U.S. brings green power execs to red China

By Doug Palmer

BEIJING, May 20 (BestGrowthStock) – U.S. Commerce Secretary Gary
Locke began three days of meetings in Beijing on Thursday to push
open doors for American clean energy companies looking to cash in
on China’s fast growing renewables market.

While legislation aimed at cutting U.S. greenhouse gas
emissions and dependence on fossil fuels is mired in Congress,
China’s central planners are pushing ahead with projects to
expand solar and wind power, lay thousands of miles of new
transmission lines and adopt “Smart Grid” technology to
distribute power more efficiently.

“I would have to say that China is leading us in that
effort,” said Martha Duggan, vice president of United Solar
Ovonic.

The Michigan-based manufacturer, a unit of Energy Conversion
Devices (ENER.O: ), has a joint venture with an electricity
provider in Tianjin to convert solar cells manufactured in the
United States to solar modules for use in China.

“We’re really just getting started here. But we see a lot of
opportunity,” Duggan said, adding that her company planned to
sign “a fairly significant order” on Saturday.

The diverse group trade group includes major firms like
General Electric (GE.N: ), which has already sold over 800 wind
turbines to China, and First Solar Inc (FSLR.O: ), the world’s
leading and lowest-cost producer of solar photovoltaic cells.

Less well-known firms include Principle Power, based in
Locke’s home state of Washington, which is pitching a floating
support structure that would allow off-shore wind farms to be
placed in previously inaccessible locations where water depths
exceed 50 metres.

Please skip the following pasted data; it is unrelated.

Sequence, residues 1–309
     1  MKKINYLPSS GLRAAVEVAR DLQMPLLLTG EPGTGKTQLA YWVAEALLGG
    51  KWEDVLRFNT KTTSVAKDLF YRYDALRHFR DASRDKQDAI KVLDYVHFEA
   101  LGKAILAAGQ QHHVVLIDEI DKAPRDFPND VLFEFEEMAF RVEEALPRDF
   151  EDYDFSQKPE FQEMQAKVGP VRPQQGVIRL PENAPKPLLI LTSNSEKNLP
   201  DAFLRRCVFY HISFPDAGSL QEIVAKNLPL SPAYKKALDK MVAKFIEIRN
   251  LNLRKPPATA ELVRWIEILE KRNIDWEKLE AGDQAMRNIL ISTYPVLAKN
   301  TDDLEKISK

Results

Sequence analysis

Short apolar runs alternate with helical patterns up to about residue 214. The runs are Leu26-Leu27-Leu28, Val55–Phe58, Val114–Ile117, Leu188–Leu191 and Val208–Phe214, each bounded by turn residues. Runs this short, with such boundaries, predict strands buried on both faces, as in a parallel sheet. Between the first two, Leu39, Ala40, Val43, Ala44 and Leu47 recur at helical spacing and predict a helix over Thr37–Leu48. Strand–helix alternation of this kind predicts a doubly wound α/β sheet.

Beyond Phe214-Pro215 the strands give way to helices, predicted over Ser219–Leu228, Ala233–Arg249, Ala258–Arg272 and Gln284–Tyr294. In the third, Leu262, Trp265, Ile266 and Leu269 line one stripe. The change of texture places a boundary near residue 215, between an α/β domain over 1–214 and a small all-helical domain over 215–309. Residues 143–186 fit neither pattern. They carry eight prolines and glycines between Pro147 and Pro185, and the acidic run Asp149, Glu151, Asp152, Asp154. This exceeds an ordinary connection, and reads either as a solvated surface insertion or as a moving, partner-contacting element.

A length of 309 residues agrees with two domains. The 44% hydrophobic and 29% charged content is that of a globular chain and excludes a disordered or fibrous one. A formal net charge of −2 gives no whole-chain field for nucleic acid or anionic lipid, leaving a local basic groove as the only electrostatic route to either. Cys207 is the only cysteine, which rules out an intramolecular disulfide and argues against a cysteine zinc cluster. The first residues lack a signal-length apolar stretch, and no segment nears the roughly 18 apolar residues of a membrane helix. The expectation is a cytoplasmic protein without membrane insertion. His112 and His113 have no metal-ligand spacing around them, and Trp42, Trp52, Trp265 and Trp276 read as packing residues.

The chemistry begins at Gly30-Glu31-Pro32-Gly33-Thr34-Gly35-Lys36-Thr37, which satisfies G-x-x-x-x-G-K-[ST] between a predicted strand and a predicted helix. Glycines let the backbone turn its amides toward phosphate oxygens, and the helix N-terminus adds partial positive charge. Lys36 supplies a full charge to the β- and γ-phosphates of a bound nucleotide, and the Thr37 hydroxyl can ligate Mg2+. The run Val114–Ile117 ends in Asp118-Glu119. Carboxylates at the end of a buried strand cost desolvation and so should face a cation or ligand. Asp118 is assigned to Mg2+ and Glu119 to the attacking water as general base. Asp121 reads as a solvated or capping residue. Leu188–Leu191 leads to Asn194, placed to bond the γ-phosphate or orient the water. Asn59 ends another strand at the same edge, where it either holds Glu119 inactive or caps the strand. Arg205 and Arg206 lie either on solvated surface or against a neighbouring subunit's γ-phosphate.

Locke, who began the trade mission on Monday in Hong Kong,
touts such joint ventures as “win-win” opportunities to create
new jobs in both countries and help reduce greenhouse gas
emissions.

“When climate change starts creating more deserts and less
water in northwest China and in the southwest United States, and
when rising sea levels flood Manhattan or Pudong in Shanghai, you
had better believe climate change is going to be bad for
business,” he said on Wednesday in Shanghai.

He has twinned his optimism about the opportunities for U.S.
clean energy exports to China with warnings about Beijing
policies that appear to be aimed at keeping out foreign firms.

At nearly every event, he has argued it is in China’s
longterm interest to use “the best technology”, no matter if it
is foreign or home grown.

A meeting at China’s Ministry of Science and Technology last
week had eased some of GE’s concerns about Chinese “indigenous
innovation policies,” said Mark Norborn, chief executive officer
of GE Greater China.

“It likely won’t address every problem completely, but I
think it will be better that what we’ve seen before that,”
Norborn said, referring to China’s recently released revised
draft regulations [ID:nN13147039].

Locke and U.S. Trade Representative Ron Kirk will raise U.S.
concerns about the indigenous innovation policy at the U.S.-China
Strategic and Economic Dialogue meeting beginning on Monday in
Beijing.

U.S. officials cautioned against expecting a breakthrough
announcement on the issue next week.

Stock Market Basics

(Editing by Lucy Hornby)

U.S. brings green power execs to red China